NEW YORK -- Parents flying with their children over the holiday face tough decisions on how to deal with enhanced airport security measures, potentially having to choose between new full-body scanners that emit radiation or pat-downs that require their children to be touched by strangers.
The decision is made more difficult because experts disagree on which method is best for the child.
If directed to a full-body scanner, children, like adults, must pass through or be patted down by Transportation Security Administration personnel. While the American Academy of Pediatrics hasn't taken an official position, a member of the group's executive committee on radiology said this week she would opt for a pat-down.
"Because they are young and have more of a life span to receive radiation and it's cumulative, we all have to be concerned," said pediatrician and pediatric radiologist Gisela Mercado-Deane of San Antonio.
But an American College of Radiology spokesman said he'd have "no qualms" taking his children through the scanners, saying that a person would need more than 1,000 such scans to reach a dose of radiation equal to a standard chest X-ray. One scan is equal to about 2 to 4 minutes of flying at 30,000 feet, said Mahadevappa Mahesh, an associate professor of radiology at the Johns Hopkins University School of Medicine in Baltimore. "They are getting much more radiation from air travel."
Originally, pat-downs were identical for adults and children, and were widely reported to include contact along the thighs. "After listening to parents' concerns, we did modify the pat-down for children 12 and younger," said TSA spokeswoman Ann Davis.
"I would encourage the children to go through the scanner," said Wendy Doret, a Dix Hills, N.Y., psychologist. "With the scanner ... it would be just like walking through the metal detectors, which children are used to ... I don't think it would be a healthy thing for a child to be patted down."
Two types of scanners are being used. The controversial "backscatter" machine employs X-ray radiation as passengers stand between what looks like two closet-sized wardrobes and hold their hands overhead. The second type uses electromagnetic waves and looks like a revolving door.
The TSA uses the two types of machines because each meet detection standards, and by investing in multiple suppliers of the technology, the TSA can leverage competition to provide the best value, Davis said.
The TSA says radiation exposure from the backscatter machines is minimal and levels have been tested by independent agencies. But a group of four doctors and scientists at the University of California at San Francisco has expressed doubts in a letter to the White House. The group is concerned that exposure could increase skin cancer risk.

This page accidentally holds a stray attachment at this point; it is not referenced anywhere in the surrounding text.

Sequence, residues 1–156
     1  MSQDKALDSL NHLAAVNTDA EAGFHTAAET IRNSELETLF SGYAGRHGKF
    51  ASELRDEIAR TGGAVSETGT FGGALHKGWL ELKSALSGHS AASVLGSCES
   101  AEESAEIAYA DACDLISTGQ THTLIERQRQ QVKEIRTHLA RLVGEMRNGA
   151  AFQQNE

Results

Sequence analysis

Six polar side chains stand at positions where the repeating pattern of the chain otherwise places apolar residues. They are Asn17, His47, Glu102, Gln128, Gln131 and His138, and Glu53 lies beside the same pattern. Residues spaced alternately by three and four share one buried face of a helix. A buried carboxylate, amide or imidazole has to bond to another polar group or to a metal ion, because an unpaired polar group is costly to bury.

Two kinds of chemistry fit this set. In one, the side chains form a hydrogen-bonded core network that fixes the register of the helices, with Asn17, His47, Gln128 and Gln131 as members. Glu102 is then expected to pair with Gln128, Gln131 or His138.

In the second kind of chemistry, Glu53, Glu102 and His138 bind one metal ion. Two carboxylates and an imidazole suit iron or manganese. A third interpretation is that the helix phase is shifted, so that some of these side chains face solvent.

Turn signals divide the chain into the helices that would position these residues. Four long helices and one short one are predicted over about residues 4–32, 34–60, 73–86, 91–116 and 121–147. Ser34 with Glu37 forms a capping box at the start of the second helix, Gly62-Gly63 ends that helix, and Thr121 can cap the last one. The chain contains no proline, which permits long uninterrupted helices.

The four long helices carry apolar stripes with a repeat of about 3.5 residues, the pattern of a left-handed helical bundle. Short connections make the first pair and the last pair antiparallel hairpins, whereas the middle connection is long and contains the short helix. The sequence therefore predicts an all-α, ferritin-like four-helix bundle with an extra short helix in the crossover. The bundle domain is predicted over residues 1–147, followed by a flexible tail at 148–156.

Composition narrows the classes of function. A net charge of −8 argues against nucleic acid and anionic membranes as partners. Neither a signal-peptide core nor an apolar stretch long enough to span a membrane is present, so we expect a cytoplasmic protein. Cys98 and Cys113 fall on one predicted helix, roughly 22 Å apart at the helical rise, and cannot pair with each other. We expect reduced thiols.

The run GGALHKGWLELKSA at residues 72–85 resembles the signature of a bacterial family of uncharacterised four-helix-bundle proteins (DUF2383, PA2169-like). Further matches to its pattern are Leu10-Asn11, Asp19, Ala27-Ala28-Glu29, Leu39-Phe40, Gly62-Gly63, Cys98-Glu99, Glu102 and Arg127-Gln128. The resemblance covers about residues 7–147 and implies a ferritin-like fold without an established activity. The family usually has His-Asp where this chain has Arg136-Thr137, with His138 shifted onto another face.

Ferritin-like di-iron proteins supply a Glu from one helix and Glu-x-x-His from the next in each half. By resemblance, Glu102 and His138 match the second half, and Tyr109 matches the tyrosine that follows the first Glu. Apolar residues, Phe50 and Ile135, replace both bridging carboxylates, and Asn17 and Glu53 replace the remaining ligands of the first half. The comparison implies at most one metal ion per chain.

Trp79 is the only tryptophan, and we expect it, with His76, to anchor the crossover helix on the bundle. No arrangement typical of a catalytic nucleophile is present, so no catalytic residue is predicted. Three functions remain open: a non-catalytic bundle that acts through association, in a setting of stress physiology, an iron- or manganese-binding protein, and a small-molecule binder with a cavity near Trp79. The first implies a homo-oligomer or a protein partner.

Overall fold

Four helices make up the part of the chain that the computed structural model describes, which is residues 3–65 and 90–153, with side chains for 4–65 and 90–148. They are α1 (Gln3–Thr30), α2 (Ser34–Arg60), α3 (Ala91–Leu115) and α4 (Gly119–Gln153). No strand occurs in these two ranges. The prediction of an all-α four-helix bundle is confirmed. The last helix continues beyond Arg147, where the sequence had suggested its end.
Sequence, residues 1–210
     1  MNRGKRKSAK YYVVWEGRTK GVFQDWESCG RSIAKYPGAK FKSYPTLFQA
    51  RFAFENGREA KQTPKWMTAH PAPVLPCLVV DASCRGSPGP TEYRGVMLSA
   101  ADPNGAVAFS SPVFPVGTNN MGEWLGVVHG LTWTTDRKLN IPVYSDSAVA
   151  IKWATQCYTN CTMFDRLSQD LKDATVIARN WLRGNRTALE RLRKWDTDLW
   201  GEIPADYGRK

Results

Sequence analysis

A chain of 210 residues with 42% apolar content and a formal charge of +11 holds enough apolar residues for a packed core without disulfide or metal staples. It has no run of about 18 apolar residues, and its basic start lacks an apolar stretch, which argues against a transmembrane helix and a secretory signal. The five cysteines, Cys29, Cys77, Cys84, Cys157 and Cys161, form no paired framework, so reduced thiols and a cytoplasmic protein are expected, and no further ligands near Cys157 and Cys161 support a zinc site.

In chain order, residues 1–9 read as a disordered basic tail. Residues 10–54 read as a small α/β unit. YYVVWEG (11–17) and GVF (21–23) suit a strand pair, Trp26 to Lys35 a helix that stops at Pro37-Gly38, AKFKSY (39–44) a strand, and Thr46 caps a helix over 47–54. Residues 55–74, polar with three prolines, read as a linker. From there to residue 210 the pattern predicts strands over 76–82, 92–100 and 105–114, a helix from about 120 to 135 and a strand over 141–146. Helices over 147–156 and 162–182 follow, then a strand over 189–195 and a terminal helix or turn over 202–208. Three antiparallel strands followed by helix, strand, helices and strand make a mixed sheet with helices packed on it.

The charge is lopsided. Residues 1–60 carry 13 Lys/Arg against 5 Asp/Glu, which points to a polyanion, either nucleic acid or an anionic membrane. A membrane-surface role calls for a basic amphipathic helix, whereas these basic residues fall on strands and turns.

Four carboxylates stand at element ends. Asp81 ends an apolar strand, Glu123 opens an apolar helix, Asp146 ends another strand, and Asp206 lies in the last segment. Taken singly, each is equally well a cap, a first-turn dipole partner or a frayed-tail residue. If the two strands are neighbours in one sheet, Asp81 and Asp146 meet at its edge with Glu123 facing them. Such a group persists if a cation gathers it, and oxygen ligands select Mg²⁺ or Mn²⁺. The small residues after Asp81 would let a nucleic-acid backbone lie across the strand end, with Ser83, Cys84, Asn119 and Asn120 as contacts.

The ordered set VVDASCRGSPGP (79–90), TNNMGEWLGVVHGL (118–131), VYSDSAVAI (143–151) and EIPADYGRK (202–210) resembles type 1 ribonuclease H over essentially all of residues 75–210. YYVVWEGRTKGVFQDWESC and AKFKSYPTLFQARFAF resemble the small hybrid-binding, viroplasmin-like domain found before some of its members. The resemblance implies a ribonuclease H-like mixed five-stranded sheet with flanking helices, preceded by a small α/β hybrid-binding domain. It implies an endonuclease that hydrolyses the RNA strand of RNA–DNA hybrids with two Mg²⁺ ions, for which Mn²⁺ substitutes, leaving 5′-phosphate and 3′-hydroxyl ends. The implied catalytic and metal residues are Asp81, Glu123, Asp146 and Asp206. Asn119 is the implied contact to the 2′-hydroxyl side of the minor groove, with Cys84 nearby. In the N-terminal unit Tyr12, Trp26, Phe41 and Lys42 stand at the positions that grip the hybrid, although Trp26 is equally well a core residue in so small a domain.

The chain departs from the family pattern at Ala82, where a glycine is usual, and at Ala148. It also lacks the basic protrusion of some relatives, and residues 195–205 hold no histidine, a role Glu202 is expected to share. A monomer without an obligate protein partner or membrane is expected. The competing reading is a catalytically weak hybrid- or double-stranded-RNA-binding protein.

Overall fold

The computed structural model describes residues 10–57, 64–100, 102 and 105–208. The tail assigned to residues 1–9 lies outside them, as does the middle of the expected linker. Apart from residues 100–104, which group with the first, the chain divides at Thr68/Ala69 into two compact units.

While the government has responded that exposure is "minuscule" and the risk "not supported," the doctors are formulating a response requesting further testing, said university spokeswoman Jennifer O'Brien.
Parents interviewed at LaGuardia seemed resigned to the scanners. "I don't think it's a big deal," said Marietta Castillo of Floral Park, N.Y., who was heading to Florida for vacation with her daughter Lucia, 3. "The alternative, I think, is worse. The alternative being a disaster."
Some parents said they were leery of TSA "imaging officers" seeing nude outlines of their children produced by the scanners, even though images are projected into a separate room and faces are blotted out. "Our morals teach us different," said Eva Fernandez of Hicksville, N.Y., traveling to Honduras with her daughter, Evita, 5.
The backscatter machines form a chalky image of the naked body; the others create what looks like a photo negative. The images aren't stored.
To avoid the new scanners, parents can navigate toward a security line with a metal detector. But if directed to a scanner, it's decision time. "Completion of the screening process," Davis said, "is required as a condition of flying."
Experts offer the following advice on preparing children for the new airport security measures:
Explain to children before heading to the airport that they will pass through a metal detector or a scanner, or might be patted down by a Transportation Security Administration employee. Let them know that they will see all the passengers doing it, advised Wendy Doret, a psychologist in Dix Hills.
Tell your child that the purpose is to keep everybody safe on the plane. If you're going through the scanners, go first so your child can see that nothing happens to you, suggested Dr. Victor Fornari, director of child and adolescent psychiatry at Zucker Hillside Hospital, part of the North Shore-Long Island Jewish Health System.
If you opt for the pat-down, explain to your child that it's OK for the official employee to touch him or her with parents present, in the same way it's OK for the doctor to do an examination, Fornari said. Don't project your own anxieties that the child might pick up on, he said.
Discuss with your adolescent which is preferable -- the scanner or a pat-down, which adolescents might find particularly awkward, Fornari said.